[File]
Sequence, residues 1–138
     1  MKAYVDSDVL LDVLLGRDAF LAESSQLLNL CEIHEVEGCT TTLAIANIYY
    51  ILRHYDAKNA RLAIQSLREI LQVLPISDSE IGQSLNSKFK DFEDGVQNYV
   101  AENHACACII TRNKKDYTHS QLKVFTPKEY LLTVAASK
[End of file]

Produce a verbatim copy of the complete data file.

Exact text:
Sequence, residues 1–138
     1  MKAYVDSDVL LDVLLGRDAF LAESSQLLNL CEIHEVEGCT TTLAIANIYY
    51  ILRHYDAKNA RLAIQSLREI LQVLPISDSE IGQSLNSKFK DFEDGVQNYV
   101  AENHACACII TRNKKDYTHS QLKVFTPKEY LLTVAASK